Tips to improve telephone customer service

10093700 - attractive young woman working in a call center“We value your call. Please hold for our next customer service representative to be available.”

Most of us cringe when we hear those words on the end of the line, yet we pretty much accept it as a part of modern life. So when customers call your line with questions or, worse, complaints, they may not be in the best of moods when your customer support representative connects the call.

Here are some tips to help make the customer’s experience as positive as possible, with ways to strengthen their relationship with your business.

Smile

Yes, smile as you speak into the phone. It sounds a bit cliché or maybe even silly, but a smile can be heard through the phone. Encourage customer service reps to smile when they first connect with a client on the phone, and begin the conversation with a friendly, cheerful tone.

Connect with the customer

A customer service representative should start every telephone conversation with their name, the company’s name and an offer of assistance. If the call has been transferred from another department or section, the rep should also state which department they’re with so the customer has the information they need.

Next, the representative should ask the caller’s name, and use it in the conversation. Don’t overdo it, though. Sincerity is essential for a positive exchange. Reps should answer the customer’s questions honestly and directly, and prompt the customer for information. Callers should be given adequate time to respond with a genuine answer, and to feel that they have truly been heard by the representative.

Answers should be worded in a positive way, avoiding phrases such as, “We can’t do that.” Rather, the representative should offer a truthful and calm explanation of why the customer’s request can not be fulfilled. Anticipate the customer’s request to escalate if they sound unhappy with your reasoning. If the representative doesn’t know the answer to a question or is not the appropriate party within the structure to address the concern or question, an appropriate response would be, “I’ll find that out for you” rather than, “That’s not my area” or “I don’t know.” Your customer is looking for a solution, and hearing that the person they called for help is of no help at all can cause additional frustration, if it isn’t handled carefully. The rep should communicate that they will facilitate the resolution as quickly as possible.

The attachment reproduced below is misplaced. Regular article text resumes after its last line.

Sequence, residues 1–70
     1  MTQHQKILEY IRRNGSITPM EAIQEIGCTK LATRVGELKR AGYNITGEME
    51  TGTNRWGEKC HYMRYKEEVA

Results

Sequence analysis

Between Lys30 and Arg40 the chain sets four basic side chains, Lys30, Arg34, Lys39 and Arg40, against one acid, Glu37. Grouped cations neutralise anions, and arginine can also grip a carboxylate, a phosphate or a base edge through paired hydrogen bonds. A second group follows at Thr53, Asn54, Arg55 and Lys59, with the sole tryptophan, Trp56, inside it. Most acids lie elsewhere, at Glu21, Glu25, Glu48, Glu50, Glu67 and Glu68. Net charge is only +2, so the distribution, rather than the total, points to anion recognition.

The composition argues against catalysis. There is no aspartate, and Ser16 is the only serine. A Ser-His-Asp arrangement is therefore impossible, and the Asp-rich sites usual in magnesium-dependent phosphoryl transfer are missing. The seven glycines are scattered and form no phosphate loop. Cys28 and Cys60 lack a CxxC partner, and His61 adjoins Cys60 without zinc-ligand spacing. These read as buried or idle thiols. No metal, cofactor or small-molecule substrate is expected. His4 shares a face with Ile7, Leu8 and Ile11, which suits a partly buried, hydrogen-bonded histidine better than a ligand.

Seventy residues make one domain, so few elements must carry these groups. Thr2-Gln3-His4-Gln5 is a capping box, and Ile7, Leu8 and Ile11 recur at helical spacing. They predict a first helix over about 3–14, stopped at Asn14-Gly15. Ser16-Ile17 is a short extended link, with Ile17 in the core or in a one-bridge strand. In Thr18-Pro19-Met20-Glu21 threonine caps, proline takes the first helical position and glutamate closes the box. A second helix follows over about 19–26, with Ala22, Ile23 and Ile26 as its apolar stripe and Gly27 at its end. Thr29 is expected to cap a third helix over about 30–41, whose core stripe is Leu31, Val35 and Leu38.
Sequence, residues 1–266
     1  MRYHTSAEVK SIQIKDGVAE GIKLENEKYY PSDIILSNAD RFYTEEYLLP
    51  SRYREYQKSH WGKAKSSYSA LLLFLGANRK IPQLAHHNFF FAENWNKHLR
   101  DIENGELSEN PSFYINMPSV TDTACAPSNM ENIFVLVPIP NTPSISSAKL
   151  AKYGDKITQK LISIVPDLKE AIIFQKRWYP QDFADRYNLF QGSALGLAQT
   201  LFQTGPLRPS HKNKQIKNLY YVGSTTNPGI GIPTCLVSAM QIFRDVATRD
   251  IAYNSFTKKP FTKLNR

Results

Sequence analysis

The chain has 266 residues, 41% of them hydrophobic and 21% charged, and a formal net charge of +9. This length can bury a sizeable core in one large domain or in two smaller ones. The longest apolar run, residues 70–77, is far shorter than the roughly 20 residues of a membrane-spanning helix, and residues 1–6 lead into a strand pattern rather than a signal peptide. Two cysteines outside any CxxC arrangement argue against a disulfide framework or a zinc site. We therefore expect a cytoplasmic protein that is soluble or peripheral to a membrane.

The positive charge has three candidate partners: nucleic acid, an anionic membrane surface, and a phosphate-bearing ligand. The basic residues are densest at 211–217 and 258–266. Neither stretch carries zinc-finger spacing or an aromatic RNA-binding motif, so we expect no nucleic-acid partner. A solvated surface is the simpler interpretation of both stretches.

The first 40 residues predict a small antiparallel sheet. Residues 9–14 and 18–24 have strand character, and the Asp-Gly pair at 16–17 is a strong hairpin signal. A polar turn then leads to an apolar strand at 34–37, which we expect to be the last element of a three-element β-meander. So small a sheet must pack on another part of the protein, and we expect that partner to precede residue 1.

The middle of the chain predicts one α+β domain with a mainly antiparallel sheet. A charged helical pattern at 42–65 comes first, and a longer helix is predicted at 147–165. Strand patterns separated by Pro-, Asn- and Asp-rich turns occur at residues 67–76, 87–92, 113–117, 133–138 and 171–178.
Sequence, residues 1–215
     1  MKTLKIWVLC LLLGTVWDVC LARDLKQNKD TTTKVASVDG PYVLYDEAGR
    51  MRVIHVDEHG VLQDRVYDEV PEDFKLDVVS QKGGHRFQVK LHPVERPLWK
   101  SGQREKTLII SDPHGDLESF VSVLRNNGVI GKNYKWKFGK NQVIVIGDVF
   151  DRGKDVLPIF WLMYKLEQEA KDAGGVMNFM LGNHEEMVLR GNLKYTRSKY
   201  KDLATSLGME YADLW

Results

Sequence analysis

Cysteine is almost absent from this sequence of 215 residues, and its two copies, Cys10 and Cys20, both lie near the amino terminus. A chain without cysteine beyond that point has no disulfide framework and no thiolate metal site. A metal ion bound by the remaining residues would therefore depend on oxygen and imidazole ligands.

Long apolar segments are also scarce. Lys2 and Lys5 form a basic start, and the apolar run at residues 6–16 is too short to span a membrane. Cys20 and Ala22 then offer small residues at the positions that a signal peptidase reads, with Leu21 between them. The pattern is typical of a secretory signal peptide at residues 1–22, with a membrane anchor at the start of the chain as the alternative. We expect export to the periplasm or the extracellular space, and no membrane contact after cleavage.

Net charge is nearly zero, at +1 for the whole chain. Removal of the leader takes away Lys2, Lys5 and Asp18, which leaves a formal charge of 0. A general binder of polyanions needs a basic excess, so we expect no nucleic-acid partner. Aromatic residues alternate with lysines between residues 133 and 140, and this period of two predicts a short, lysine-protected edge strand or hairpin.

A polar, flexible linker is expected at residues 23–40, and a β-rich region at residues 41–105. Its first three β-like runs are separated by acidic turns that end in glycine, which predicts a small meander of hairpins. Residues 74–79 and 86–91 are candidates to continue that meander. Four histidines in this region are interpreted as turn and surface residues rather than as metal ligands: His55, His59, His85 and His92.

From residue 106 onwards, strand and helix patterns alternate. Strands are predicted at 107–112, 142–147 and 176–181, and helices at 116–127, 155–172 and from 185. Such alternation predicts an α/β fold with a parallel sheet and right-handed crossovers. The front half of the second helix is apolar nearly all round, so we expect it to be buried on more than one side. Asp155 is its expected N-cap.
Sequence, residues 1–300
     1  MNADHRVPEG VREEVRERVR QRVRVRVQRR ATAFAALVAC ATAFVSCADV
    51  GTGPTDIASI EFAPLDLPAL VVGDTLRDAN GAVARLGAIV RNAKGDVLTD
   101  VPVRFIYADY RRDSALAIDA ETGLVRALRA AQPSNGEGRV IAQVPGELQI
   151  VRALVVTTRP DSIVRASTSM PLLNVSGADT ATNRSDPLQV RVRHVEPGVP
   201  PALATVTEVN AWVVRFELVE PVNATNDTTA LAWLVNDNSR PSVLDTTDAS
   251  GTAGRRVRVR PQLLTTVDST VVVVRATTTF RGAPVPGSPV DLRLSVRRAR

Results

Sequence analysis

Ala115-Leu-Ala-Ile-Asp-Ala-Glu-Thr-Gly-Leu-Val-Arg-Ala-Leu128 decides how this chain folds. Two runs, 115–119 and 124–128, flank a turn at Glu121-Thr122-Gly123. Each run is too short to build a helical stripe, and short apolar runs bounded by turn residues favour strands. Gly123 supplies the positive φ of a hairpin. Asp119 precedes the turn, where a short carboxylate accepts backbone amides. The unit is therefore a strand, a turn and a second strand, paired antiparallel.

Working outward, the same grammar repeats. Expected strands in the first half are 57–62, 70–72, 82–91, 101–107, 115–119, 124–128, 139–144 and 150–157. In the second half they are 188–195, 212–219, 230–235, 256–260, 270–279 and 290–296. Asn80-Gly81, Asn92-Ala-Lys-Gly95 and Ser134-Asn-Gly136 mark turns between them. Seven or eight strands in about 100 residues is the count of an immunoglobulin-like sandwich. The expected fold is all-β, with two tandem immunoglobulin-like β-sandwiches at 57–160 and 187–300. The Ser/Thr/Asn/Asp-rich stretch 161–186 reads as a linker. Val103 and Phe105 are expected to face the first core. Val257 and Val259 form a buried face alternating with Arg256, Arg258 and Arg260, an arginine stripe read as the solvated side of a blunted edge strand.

If the representative has to put the caller on hold, they should give an estimate of how long the hold will be. They should also get the customer’s phone number in case the call gets cut off accidentally.

Speak clearly

It may seem obvious, but good telephone communication takes skill and practice. Listen to your customer service representatives as they speak on the phone. Look out for those who speak too quickly. This can make them harder to understand, especially when dealing with technical issues. On the other hand, speaking too slowly can convey an impression of slowness, laziness, or lack of caring.

Encourage all representatives to use simpler words and shorter sentences, avoiding jargon and technical terminology as much as possible. Resist the temptation to use slang, however, as it sounds unprofessional.

Pitch and tone are also important. A high pitch can communicate lack of experience or authority, while a very low pitch can sound harsh or even threatening.

Encourage everyone who communicates over the phone to vary their pitch and inflection to sound interested in the conversation while still sounding natural.

Finish on a positive note

When the caller’s questions have been answered and issues resolved as far as possible, it’s important to end the conversation well. Make sure the caller understands the information provided and what any next steps will be. The representative should ask a wrap-up question, such as, “Is there anything else I can help you with?” allowing the customer to address any additional concerns or questions on the same call. If the customer has to call again, the representative should provide the best times to call based on call volume history, and whom to ask for.

Finally, end with a positive statement like, “It was nice talking with you” to leave the caller with a positive impression of your company. It’s little things like this that make big differences in business.

You can count on a positive experience whenever you call our customer support line. We practice what we preach here. We’re happy to provide excellent customer service!